Barely had the nation come to terms with the news of Irrfan’s untimely death when the devastating news of Rishi Kapoor’s sudden demise, in the morning of April 30, shook the film world and the entire nation to its core. Two great actors breathed their last within 24 hours; they were still young enough to act in films than they could think of. The unexpected demise of Irrfan and Rishi Kapoor reminds us of Daniel Defoe’s immortal lines: “The best of men cannot suspend their fate/The good die early and the bad die late.” Rishi’s fans are still finding it difficult to believe that their flamboyant and handsome romantic hero Chintu has left this world and will never come back.
The Crazy Seventies
The first movie that Rishi Kapoor acted in at the age of fourteen was Mera Naam Joker (1970), produced and directed by father, Raj Kapoor. He received the National Film Award for Best Child Artist for his debut role. The actor’s major break came some years later when he played the hero opposite Dimple Kapadia in the romantic movie, Bobby, which had the youngsters going crazy. Both Rishi and Dimple became stars overnight.
However, when Rishi Kapoor started working with Neetu Singh, who became his wife later on, his movies became more popular and set the box office on fire. Movies like Khel Khel Mein, Rafoo Chakkar, Kabhi Kabhi, Amar Akbar Anthony, Jhoota Kahin Ka, Doosara Aadmi and Dhan Daulat saw the emergence of a fresh romantic couple in Rishi and Neetu. Almost all the songs picturised on the couple in these movies were instant hits and are immensely hummable even today.
After they both got married and Neetu bidding good bye to the world of films, Rishi Kapoor continued to remain popular as a romantic hero, delivering one hit after another. The 1980 blockbuster, Karz, directed by Subhash Ghai, and Yeh Vaada Raha (1982) marked another big shift in Rishi’s career. In between doing romantic roles, Rishi also displayed a natural flair for comedy in movies like Coolie and Hawalaat which had Shatrughan and Mithun as his co-stars. However, Rafoo Chakkar remains Rishi Kapoor’s best comedy movie ever.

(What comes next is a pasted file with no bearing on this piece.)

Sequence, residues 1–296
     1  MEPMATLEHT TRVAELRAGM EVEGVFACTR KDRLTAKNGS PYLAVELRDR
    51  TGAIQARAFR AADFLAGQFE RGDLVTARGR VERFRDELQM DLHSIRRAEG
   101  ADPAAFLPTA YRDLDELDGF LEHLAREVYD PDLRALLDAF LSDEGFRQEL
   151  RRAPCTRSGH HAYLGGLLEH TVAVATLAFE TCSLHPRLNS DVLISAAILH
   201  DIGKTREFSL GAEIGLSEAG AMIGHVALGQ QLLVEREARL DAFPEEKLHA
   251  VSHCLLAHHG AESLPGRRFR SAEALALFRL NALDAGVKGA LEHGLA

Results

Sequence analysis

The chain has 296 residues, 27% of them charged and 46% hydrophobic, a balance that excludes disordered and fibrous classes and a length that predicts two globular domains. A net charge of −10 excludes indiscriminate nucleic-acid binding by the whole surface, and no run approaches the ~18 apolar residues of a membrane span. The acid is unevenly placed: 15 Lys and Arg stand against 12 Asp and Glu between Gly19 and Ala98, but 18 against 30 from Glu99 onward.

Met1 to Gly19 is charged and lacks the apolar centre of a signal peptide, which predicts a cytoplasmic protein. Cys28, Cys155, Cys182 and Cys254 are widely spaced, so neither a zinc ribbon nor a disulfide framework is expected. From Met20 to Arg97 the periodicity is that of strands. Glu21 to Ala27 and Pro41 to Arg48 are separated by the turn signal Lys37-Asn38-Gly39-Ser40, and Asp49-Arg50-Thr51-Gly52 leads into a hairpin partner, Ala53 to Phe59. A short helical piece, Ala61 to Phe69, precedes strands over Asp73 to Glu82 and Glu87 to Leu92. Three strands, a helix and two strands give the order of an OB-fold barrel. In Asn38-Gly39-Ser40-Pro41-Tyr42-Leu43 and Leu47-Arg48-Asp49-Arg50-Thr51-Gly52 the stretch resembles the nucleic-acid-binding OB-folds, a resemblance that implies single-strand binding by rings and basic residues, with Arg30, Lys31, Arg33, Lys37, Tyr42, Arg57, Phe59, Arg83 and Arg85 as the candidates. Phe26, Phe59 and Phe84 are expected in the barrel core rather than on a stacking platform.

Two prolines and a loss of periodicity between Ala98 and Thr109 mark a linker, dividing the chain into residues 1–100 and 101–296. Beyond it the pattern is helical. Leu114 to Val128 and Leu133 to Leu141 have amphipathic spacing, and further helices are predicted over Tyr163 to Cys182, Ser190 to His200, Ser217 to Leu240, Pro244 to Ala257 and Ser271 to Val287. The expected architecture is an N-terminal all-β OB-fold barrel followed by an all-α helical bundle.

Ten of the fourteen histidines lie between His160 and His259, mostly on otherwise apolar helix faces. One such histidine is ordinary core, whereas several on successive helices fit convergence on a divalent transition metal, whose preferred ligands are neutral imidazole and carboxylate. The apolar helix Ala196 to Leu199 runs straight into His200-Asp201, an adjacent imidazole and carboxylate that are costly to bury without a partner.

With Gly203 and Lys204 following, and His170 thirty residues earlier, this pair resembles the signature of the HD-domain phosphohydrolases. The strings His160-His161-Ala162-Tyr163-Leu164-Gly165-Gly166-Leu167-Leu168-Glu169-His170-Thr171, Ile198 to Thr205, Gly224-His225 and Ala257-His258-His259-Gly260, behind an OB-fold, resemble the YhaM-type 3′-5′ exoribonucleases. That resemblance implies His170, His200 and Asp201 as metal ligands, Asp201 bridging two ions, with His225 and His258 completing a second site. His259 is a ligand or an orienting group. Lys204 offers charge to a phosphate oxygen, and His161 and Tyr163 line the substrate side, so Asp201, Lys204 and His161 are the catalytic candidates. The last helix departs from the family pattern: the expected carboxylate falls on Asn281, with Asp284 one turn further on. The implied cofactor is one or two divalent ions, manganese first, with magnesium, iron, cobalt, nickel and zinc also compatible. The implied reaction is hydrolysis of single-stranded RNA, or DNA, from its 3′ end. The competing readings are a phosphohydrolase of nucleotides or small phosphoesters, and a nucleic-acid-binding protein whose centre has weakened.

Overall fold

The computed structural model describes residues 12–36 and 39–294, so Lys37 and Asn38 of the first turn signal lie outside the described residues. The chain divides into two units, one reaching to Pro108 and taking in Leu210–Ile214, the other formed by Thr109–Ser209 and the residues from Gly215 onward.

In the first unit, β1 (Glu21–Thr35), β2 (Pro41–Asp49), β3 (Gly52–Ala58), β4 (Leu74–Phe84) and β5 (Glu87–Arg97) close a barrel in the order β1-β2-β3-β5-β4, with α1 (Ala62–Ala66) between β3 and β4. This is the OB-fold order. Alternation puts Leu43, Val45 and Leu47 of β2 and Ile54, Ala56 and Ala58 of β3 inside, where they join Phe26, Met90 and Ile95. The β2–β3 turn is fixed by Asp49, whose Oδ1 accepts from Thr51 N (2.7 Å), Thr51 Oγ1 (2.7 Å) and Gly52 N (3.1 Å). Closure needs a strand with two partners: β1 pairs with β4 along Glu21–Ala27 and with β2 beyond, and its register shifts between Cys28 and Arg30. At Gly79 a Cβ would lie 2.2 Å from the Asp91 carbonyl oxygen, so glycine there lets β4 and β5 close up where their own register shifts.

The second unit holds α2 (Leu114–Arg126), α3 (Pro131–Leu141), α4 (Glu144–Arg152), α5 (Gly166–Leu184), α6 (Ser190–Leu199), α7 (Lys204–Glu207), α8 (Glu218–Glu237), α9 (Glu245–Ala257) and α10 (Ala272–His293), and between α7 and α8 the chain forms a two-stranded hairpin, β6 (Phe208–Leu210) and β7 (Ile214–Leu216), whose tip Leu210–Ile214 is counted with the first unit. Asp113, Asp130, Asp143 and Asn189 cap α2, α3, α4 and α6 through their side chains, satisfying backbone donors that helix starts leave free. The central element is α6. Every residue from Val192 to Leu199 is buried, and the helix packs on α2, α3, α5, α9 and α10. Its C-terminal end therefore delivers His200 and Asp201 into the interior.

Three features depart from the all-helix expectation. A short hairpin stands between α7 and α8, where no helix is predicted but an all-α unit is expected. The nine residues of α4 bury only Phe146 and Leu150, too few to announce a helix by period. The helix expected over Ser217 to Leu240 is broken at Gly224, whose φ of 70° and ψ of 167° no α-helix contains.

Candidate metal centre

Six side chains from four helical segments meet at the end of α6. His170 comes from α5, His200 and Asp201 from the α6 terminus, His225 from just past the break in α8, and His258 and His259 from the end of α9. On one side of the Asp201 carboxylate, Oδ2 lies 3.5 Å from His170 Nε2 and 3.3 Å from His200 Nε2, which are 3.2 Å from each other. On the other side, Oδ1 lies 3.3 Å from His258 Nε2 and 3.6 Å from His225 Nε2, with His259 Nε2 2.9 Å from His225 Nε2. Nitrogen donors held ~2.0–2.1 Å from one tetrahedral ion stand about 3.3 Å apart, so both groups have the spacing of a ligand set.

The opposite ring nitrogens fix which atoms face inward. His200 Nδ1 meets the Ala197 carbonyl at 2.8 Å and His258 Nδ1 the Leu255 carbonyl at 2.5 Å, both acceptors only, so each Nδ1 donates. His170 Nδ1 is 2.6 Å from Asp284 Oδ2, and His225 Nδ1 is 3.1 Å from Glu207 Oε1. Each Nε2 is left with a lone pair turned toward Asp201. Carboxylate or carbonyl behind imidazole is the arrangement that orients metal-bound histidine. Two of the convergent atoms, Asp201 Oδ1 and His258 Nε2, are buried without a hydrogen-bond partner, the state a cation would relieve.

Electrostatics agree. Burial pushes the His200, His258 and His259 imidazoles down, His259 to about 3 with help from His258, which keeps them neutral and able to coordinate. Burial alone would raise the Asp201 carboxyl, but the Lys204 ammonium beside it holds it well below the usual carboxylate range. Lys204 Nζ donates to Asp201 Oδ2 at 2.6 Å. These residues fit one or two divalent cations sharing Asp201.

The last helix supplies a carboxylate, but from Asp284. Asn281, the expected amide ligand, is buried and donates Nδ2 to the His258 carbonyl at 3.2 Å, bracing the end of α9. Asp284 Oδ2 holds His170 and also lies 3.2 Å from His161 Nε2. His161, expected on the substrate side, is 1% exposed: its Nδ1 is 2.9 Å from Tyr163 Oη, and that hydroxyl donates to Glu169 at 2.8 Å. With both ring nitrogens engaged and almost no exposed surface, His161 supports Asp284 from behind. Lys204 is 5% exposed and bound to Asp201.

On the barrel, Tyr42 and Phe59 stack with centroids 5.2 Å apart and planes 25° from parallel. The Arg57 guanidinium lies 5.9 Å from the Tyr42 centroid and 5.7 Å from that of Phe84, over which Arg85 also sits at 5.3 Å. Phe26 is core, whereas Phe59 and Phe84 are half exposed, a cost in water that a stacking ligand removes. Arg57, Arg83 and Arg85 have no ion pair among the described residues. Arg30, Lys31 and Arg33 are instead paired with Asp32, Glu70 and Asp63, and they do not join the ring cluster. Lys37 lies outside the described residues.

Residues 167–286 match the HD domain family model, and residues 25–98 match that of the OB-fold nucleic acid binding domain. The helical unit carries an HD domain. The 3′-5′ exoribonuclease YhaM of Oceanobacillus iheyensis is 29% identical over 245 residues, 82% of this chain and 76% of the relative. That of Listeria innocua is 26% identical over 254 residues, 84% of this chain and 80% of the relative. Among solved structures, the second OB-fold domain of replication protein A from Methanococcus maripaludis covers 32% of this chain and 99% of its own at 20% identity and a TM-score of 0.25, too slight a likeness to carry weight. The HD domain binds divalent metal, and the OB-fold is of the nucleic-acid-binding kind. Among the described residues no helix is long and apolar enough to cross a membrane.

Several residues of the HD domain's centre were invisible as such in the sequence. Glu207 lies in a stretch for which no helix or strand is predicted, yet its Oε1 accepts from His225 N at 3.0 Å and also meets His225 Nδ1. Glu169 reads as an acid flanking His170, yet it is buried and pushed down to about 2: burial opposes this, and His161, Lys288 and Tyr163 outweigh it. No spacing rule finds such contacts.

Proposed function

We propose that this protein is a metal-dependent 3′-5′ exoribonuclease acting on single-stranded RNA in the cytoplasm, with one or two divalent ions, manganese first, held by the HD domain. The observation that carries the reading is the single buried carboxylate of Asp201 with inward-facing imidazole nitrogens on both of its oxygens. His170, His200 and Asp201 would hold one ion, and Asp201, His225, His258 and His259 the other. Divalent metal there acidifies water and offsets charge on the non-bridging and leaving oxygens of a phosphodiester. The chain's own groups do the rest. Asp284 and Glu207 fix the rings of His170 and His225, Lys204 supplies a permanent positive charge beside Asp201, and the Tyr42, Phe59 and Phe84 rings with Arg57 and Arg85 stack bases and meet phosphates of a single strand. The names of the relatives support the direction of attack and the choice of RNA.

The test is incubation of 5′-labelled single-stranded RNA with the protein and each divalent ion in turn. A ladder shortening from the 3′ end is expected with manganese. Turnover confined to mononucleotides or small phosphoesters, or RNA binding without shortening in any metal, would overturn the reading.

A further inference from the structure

When Chandni Revived his Career
Even as Rishi Kapoor kept doing romantic roles at regular intervals, the freshness and novelty his movies exuded in the Seventies and early Eighties appeared to be wearing off. It looked as if his career was about to hit the skids. But a drowning man will always clutch at a straw. Rishi Kapoor teamed up with Yash Chopra in 1989 for Chandni with Sri Devi and Vinod Khanna. The romantic blockbuster propped up Rishi’s sagging career. Rishi and Sri Devi became the new romantic pair of Bollywood which had the nation swooning.
In a New Avatar in the 90s
The 1993 hit movie, Damini, which was female-centric, gave Rishi Kapoor an opportunity to prove his mettle. There was no more running around trees. The movie which revolved around a gutsy housewife (Meenakshi Sheshadri) taking up cudgels on behalf of a rape victim, saw Rishi Kapoor playing a serious and confused husband, who is not sure whether to support his wife or protect the reputation of the family at the cost of his principles. That was perhaps the only important movie that he did in that particular decade.
Excelling in Negative Role
With Rishi Kapoor putting on weight and past his prime, the moviegoers were expecting something different from this versatile actor. The actor took up the gauntlet and decided to cast himself in roles that were edgy and unconventional. In Kapoor & Sons (Since 1921) (2016), Rishi plays a grandfather with an unabashed interest in porn. In Agneepath (2012), the actor was simply brilliant and outstanding as the sinister Rauf Lala, the underworld lord. He played the negative role to amazing perfection. It was hugely appreciated by moviegoers. In Mulk (2018), the actor plays a sinned against Muslim, whose family is wrongly accused of having links with extremist groups. With these movies, Rishi Kapoor had completely reinvented himself, and was basking in the glow of his new-found success.
Amazing Zest for Life
An audacious optimist that he was, Rishi Kapoor believed in living life to the hilt. As John Lennon would say, “Don’t sulk and feel sad/Life is never terribly bad.” Like Irrfan, Rishi had been fighting a courageous battle with cancer for the last two years. Despite occasional physical discomfort, he never lost his sangfroid and was always in his element. He was equally happy with the success his son, Ranbeer has achieved in the film industry through his hard work and determination.
Now that he is gone, he will always remain our lovable Chintu, the romantic hero and a wonderful human being. May his soul rest in peace.